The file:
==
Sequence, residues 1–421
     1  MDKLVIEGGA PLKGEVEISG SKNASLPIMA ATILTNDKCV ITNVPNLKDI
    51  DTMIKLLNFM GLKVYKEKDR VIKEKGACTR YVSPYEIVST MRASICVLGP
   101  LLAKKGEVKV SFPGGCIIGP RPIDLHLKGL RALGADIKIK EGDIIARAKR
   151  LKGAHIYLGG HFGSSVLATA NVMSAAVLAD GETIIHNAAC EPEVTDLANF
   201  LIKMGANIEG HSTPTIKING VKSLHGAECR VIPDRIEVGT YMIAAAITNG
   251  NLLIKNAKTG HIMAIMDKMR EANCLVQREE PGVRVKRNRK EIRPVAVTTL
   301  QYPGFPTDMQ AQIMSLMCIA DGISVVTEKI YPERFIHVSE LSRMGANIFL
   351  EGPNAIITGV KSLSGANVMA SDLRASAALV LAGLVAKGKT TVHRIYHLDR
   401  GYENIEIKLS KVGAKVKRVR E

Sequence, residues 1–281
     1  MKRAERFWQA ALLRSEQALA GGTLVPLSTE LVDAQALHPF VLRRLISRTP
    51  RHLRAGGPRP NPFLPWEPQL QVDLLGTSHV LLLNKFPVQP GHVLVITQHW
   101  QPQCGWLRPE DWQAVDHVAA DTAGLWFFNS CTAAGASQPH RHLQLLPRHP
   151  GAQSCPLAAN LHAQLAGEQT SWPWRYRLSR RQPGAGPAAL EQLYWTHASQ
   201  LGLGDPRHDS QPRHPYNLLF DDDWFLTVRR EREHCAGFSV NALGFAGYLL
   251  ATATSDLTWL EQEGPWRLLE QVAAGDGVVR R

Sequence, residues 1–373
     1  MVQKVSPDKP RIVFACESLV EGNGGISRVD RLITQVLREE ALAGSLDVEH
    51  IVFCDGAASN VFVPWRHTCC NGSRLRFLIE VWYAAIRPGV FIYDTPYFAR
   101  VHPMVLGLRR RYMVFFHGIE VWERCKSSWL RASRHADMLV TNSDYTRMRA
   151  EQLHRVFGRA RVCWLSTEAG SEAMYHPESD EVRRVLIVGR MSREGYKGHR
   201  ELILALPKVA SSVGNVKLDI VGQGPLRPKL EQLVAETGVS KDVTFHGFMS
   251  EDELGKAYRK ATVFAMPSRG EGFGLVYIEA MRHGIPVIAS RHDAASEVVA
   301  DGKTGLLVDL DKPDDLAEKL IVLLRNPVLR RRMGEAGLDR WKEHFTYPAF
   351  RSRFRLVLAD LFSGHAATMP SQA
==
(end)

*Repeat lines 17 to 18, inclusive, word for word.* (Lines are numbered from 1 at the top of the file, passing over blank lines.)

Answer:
   251  ATATSDLTWL EQEGPWRLLE QVAAGDGVVR R

Sequence, residues 1–373